Archive for March, 2013

Seasonal eats: Winter kale stir-fry & celery root purée

Saturday, March 23rd, 2013

Photo of kale: Flickr, cJw314’s photostream

My March 16 post featured Chef Ben Baird’s recipes for coconut-crusted cod and tomato broth from Chef Ben Baird of the Urban Pear. While those dishes can be served on their own, Chef Baird paired them with two comforting winter vegetable concoctions: celery root purée and winter kale, mushroom and green onion stir-fry.  If you’re preparing the four dishes together, give yourself about 1.5 hours from start to finish. Quantities will serve two people.

About the chef

Ben Baird is chef and co-owner at The Urban Pear restaurant on Second Avenue and the Ottawa STREAT Gourmet food truck, one of 18 new food trucks and carts approved by the City of Ottawa last month. Starting in May, Ottawa STREAT Gourmet will serve fresh, local, seasonal fare on the north side of Queen, west of O’Connor.

About the ingredients

Baird notes that the celery root and garlic he used in the purée came from Rideau Pines Farm and have been in his cold storage since November (he perked up the celery root by putting it in ice water for 20 minutes before cooking).  “The kale came from my local grocer – Nicastro — but could have been grown locally.  I source my mushrooms from Le Coprin which grows them year-round in Chelsea. “

Benefits of celery root and kale

Celery root, also called celeriac, is a knobby, hairy vegetable with a mild celery flavour and a potato-like texture. You can roast, stew, blanch or mash it, or add it, sliced, to soups and casseroles.  As a root vegetable, it stores well, making it an ideal choice for fall and winter eating. Celery root is a good source of dietary fibre, Vitamin B6, magnesium and manganese, and an excellent source of Vitamins C and K, phosphorus and potassium.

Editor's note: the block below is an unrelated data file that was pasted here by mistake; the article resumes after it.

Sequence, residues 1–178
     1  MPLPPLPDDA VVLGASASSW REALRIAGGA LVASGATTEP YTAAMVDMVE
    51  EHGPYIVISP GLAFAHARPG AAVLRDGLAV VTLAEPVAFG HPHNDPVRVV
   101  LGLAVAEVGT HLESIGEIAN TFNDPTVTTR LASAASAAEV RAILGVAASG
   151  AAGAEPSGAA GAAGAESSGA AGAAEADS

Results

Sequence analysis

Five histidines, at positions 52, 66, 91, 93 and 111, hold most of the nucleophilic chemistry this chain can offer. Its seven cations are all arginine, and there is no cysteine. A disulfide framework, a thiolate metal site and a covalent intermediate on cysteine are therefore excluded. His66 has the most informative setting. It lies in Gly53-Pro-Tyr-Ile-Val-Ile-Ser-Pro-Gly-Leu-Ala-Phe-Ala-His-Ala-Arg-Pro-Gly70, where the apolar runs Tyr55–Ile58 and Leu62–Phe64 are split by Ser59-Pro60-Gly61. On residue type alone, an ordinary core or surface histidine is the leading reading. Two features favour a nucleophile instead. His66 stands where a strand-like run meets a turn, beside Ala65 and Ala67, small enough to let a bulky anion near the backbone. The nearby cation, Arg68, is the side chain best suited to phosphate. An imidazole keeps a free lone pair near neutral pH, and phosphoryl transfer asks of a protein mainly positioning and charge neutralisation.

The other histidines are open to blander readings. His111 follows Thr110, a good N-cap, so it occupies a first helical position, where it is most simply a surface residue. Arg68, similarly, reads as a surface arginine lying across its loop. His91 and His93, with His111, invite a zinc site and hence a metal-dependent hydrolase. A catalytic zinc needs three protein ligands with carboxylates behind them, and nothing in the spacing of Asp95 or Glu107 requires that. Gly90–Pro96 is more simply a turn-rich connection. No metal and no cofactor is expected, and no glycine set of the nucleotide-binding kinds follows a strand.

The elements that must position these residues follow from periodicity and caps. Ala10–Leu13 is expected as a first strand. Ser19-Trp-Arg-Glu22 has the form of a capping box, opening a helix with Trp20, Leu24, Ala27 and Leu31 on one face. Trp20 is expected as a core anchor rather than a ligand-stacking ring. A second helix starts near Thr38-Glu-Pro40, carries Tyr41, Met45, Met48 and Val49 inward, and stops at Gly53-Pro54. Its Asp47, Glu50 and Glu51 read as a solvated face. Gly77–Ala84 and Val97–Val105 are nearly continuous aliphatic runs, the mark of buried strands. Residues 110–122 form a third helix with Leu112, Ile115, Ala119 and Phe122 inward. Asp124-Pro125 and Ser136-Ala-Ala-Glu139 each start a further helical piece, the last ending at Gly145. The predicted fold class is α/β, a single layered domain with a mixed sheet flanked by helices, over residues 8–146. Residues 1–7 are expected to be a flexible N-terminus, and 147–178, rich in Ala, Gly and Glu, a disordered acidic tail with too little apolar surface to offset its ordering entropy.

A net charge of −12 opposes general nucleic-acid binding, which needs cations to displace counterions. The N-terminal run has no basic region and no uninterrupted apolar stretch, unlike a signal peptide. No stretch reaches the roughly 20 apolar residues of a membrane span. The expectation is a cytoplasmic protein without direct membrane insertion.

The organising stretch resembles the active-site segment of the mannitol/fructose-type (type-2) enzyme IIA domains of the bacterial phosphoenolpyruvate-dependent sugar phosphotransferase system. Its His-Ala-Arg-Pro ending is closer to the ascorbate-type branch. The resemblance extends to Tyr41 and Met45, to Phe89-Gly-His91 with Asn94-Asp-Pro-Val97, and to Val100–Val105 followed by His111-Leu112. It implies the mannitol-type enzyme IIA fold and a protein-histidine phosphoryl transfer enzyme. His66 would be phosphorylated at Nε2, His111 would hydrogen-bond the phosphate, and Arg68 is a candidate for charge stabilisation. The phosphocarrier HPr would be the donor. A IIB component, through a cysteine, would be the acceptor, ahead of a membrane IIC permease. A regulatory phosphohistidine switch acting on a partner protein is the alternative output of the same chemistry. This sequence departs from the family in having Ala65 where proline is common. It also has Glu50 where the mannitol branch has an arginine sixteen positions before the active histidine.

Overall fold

Kale is trendy these days and it’s easy to understand why. Not only is it simple to prepare –  just blanch and steam, or stir-fry – it’s a milder tasting, super-nutritious alternative to spinach. A member of the cabbage family, kale is low in saturated fat and cholesterol and a good source of fibre, protein, thiamin, folate and iron. It’s also packed with Vitamins A, C, K and B6, as well as calcium, potassium and other minerals.

Celery root purée

celery root

4 cloves of garlic, peeled

1 tbsp butter (optional)

2 tbsp milk or cream (for dairy-free, use vegetable broth)

salt and pepper

Peel and wash celery root and cut into 1-inch pieces.

Put celery root and garlic cloves in salted boiling water and gently simmer until celery root is fork- tender. Strain and put in food processor (garlic included).

While the processor is running, add butter and milk or cream and purée until very smooth (5-10 minutes). 

Season to taste with salt and pepper.

Return purée to pot, cover and leave in a warm place until ready to plate.  If needed, put it over low heat for a few minutes, stirring occasionally.

Winter kale, mushroom and green onion stir-fry

½ bunch kale, washed and stem removed

2 cups mushrooms

1 bunch green onion, cut in 1-inch lengths

2 cloves garlic, finely chopped

2 tbsp ginger, finely chopped